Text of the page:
The History of Clydebank’s Shipbuilding Industry

The History of Clydebank’s Shipbuilding Industry

At its height, the shipbuilding industry on the River Clyde employed thousands of workers who made some of the world’s most beautiful ships. Through the years, it completed around 25,000 passenger, naval, and merchant ships since its establishment in 1711.

In the early 1900s, the company was building around a fifth of all ships in the world. The RMS Queen Elizabeth and QE2 were both constructed here. The town of Clydebank was only established toward the end of the 19th century. In 1901, Clydebank was home to more than 30,000 citizens.

The shipbuilding company reached its peak in 1888, where it employed more than 70,000 workers. The company built the largest crane in the world, with a maximum lift capacity of 250 tons. The industry made a lot of people wealthy, and festivals are still held to celebrate its former glory.

The end of the Second World War was a troublesome time for the company and the Clyde community because it had to compete with emerging industries in Asia.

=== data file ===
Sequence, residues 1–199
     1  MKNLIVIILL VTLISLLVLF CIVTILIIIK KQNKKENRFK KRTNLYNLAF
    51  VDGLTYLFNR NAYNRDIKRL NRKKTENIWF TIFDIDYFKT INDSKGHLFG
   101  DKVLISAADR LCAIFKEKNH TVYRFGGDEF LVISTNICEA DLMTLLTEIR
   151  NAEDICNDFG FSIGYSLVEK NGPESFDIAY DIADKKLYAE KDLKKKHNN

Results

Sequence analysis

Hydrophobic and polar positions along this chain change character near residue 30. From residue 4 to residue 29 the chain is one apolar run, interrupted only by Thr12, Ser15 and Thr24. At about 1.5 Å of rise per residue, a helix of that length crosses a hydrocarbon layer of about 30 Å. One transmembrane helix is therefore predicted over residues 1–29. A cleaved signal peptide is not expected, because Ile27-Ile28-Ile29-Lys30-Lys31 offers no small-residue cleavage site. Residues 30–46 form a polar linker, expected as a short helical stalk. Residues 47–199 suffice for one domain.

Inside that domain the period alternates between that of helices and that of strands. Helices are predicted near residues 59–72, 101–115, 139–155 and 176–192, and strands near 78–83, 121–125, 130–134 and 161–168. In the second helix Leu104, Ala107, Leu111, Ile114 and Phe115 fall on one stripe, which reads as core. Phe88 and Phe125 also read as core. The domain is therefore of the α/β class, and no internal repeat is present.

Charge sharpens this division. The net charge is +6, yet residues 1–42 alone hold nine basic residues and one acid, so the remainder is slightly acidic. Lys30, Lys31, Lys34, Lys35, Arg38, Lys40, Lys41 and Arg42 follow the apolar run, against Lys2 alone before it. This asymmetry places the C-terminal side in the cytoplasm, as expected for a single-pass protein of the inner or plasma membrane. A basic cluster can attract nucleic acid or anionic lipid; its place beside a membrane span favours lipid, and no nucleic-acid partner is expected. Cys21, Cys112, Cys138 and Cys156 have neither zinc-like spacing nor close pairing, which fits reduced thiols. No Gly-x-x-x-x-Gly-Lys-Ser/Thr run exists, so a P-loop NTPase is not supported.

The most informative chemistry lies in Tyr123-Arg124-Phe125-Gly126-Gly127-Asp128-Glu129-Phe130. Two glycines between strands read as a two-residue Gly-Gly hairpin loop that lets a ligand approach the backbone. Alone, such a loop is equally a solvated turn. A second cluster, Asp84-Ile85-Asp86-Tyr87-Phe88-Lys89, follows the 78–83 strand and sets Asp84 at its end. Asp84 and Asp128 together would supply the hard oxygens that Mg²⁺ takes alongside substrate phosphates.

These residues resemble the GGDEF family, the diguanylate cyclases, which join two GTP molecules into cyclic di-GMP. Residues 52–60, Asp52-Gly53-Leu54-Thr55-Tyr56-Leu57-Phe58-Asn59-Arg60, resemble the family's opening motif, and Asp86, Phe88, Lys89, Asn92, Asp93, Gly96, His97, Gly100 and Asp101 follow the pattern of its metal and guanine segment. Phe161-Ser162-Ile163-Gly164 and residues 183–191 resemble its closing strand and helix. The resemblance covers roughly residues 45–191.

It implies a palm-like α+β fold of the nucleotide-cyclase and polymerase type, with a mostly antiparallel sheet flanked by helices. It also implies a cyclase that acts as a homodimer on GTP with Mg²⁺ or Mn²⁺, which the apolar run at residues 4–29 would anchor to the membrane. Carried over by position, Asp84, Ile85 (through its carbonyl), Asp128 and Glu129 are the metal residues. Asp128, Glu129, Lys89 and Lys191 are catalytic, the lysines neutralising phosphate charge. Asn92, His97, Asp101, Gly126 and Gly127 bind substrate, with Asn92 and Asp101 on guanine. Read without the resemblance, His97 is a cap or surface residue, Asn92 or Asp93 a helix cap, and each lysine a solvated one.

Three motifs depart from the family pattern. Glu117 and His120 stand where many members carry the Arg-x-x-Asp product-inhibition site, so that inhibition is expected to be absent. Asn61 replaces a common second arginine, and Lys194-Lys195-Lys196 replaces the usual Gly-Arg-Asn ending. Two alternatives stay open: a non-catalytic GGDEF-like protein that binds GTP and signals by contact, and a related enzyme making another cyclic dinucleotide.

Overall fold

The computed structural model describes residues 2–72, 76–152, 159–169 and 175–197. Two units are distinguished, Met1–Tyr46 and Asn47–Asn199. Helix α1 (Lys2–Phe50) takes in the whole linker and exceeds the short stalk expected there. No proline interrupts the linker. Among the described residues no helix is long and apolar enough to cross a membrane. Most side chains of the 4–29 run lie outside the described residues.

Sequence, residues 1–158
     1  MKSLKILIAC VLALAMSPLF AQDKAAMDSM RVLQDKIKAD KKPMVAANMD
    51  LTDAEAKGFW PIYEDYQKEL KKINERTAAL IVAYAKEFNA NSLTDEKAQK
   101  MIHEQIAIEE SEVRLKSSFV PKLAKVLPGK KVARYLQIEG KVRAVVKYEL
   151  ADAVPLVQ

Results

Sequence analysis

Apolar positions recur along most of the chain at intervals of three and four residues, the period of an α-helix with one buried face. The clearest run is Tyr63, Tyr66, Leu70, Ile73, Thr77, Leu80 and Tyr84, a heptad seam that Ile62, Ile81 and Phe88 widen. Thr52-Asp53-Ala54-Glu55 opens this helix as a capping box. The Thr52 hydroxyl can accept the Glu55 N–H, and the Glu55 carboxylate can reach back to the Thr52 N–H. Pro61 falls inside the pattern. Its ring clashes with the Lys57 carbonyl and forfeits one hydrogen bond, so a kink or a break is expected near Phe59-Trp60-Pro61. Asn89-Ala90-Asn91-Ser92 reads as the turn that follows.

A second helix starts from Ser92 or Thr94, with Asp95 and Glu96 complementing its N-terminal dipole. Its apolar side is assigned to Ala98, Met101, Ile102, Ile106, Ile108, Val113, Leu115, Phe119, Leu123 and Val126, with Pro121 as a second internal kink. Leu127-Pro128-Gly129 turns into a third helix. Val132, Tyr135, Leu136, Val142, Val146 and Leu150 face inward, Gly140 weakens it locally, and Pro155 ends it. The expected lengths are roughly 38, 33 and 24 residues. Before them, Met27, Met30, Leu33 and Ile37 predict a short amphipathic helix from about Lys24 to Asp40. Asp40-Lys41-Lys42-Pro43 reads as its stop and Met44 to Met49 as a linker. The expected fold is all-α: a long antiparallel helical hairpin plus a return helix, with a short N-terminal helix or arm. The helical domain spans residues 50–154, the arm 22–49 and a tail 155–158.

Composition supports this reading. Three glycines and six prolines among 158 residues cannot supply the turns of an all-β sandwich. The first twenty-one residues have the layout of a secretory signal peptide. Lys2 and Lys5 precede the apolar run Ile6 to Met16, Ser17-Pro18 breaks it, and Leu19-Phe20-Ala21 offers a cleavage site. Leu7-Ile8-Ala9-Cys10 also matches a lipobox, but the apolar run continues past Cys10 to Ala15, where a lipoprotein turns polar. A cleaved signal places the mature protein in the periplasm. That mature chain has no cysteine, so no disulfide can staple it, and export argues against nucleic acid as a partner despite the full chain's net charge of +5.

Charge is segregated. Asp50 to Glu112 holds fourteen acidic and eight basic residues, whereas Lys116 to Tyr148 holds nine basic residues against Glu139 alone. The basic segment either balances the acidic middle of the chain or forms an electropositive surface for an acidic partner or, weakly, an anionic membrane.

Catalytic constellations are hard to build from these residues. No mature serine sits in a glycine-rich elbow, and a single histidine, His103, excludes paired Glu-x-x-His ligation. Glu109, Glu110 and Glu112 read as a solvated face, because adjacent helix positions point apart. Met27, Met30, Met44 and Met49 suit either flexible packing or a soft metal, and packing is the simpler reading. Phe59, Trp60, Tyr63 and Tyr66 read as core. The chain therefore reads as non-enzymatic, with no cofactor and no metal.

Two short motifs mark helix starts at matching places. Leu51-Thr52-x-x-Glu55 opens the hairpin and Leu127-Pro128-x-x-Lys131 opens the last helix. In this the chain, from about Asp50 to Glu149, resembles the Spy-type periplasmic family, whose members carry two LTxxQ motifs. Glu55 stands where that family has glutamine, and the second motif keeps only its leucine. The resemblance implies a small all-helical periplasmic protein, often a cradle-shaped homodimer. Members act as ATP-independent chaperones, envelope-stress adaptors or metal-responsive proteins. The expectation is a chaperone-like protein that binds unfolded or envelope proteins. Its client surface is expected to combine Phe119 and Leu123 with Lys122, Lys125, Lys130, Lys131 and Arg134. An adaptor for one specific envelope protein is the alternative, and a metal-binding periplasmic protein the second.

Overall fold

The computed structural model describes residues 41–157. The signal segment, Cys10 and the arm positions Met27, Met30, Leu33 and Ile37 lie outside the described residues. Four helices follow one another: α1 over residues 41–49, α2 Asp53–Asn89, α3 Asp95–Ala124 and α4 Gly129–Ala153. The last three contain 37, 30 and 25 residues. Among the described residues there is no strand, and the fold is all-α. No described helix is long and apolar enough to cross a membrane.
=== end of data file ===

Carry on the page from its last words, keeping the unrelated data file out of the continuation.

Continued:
In time, thousands of workers lost their jobs and their means to provide for their families. However, there is still an immense pride around the history of the Scottish shipbuilding company. People all around the world still celebrate its achievements. The company had a long and lasting impact on the shipbuilding industry.

There are plans set in motion for one of the historic shipyards to be transformed into a major retail and residential project. The development will turn the former John Brown yard in Clydebank into retail, housing, and leisure space. This project has the potential to breathe new life into the community.

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